Owen Sound show among Tommy Hunter’s final farewells

Country music legend Tommy Hunter is making Owen Sound one of the last stops on his farewell tour. Here he performs during the 22nd annual Havelock Country Jamboree on Aug. 20, 2011 in Havelock, Ont. QMI Agency photo.

BILL HENRY
Sun Times staff
A capacity crowd in Owen Sound will say goodbye to Canada’s Country Gentleman next month at one of Tommy Hunter’s last concerts.
The sold out 2 p.m. show March 17 at the OSCVI Auditorium falls just three days before Hunter wraps up in London what he vows will be his final tour, on the singer’s 75th birthday, in the city where he was raised and first performed at the age of nine.
Hunter’s warm, genial, no-nonsense approach to country music eventually made the singer one of Canada’s most popular television entertainers, with his own high-profile weekly CBC show for 27 years and another nine with Country Hoedown before that.
“I just feel it’s the right time to say goodbye,” Hunter said in a recent telephone interview with The Sun Times. “I can still sing and perform, so it’s a good time to go out. I just feel it’s a good time to hang it up and say goodbye and sit back and relax and do some other things.”
The Owen Sound concert, his first here since 2006, is now sold out, according to the artist’s website. It’s one of several sellouts on this 25-show Eastern Canadian tour, which began Feb. 19 in St. John’s.
The performances encapsulate everything his fans came to expect from his TV program — honest, straight-up, old-fashioned country music Tommy Hunter style.
“The audience is basically the people that watched a television show and invited me into their living rooms for many, many years,” he said. “My success came from television, so when we do a show, it’s a trip down memory lane for any of the people that watched the show.”
He’ll include familiar songs, his own and some from classic country performers like Wilf Carter and Johnny Cash, and, as always, expect a recitation.
At 74, long away from the competitive, weekly TV grind – The Tommy Hunter Show last aired in 1992 -Hunter said he rarely listens now to modern country performers, but sometimes likes what he does hear.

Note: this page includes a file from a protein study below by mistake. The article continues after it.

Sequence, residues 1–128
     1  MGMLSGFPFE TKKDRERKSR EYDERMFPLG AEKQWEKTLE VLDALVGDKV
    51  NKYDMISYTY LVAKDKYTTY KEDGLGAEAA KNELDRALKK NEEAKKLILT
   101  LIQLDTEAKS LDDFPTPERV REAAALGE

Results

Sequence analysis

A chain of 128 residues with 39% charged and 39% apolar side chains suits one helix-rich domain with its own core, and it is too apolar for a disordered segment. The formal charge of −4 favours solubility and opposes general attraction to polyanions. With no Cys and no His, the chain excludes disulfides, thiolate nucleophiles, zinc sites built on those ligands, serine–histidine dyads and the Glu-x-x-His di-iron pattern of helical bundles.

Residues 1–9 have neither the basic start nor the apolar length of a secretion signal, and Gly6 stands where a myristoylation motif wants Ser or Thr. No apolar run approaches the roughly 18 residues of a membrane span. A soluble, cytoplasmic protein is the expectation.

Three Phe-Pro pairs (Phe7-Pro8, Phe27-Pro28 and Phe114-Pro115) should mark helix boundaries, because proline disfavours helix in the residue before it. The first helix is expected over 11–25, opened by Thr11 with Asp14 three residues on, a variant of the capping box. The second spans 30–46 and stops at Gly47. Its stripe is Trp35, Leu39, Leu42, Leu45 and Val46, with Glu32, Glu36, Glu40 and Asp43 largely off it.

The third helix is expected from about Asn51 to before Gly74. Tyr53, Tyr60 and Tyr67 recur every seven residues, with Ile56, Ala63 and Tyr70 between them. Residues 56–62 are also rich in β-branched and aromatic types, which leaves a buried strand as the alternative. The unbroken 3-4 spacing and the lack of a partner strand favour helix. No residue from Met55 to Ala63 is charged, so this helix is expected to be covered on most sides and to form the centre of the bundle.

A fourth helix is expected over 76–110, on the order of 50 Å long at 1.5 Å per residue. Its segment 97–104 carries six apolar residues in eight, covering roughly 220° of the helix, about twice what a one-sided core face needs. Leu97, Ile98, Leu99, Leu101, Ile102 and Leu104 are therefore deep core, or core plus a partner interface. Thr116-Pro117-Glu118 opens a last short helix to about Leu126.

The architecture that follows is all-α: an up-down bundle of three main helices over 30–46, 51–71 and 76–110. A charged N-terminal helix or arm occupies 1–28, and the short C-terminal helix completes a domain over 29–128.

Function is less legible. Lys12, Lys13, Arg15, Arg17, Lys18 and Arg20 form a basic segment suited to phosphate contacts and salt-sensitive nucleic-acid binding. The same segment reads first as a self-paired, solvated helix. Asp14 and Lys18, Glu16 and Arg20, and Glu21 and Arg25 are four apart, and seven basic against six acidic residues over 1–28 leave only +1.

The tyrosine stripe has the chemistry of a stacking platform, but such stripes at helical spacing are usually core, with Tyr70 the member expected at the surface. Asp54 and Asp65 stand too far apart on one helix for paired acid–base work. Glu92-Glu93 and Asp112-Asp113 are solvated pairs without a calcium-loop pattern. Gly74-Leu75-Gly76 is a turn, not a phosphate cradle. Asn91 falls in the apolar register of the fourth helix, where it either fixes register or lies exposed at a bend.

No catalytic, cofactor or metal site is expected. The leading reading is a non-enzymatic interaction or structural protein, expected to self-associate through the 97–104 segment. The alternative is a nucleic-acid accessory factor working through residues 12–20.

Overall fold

He’s more inclined to tune his satellite radio to classical music, or sometimes a bluegrass or classic country station. He likes the old masters of country music, recorded live in the studio, on tight timelines. That music still sounds real and present, while new recordings, with months of studio sampling and cutting and pasting track on track for perfection have “a freshness that just isn’t there.”
When the old masters — the Hanks (Snow and Williams), or Ernest Tubb — come on the satellite station, he’ll stay tuned.
“The minute they go into rock I’m out of there and by and large and I go right back to the classic stations,” Hunter said.
Hunter won’t perform the new country music, not because he can’t or because he doesn’t like the songs, but because that’s not what his fans come to hear.
“I could do the whole hit parade if I wanted to, but my audience wouldn’t relate to that. They relate to the older type of songs. That’s what they remember, that’s what they want,” he said.
What he wants is for his friends and fans to clap, tap their feet and sing along if they like. “That’s the type of show we do.”
From the first days of The Tommy Hunter Show, which began in 1965, he said he knew the kind of program he wanted to present, which has changed very little since. It would be about the music, without barnyard trappings or hillbilly hokum common then when U.S. networks presented country music.
“That would have been the easiest way to go, is to put a barn and chickens and cattle and bales of hay and pitchforks and we take off our suits and put on a pair of dungarees. And, boy, I hated that idea. I just absolutely loathed that,” he said.
“I didn’t want to be a hayseed and I didn’t want it to reflect on people that were in the agriculture business. It would almost appear as if we were poking fun at those people. But the main reason was that I thought that our music had elevated to a point where we didn’t have to apologize for it.”
Instead, he presented the music with dignity and respect, although he credits his full CBC team with the show’s long success.
“I was one spoke in a large wheel.”
Hunter always performed in a suit, and eventually earned the reputation as Canada’s Country Gentleman. He has been inducted into the Canadian Country Music Hall of Fame, is a three-time Juno winner and a member of the Order of Canada.
Tommy Hunter performs at the OSCVI in Owen Sound at 2 p.m. March 17. bhenry@thesuntimes.ca

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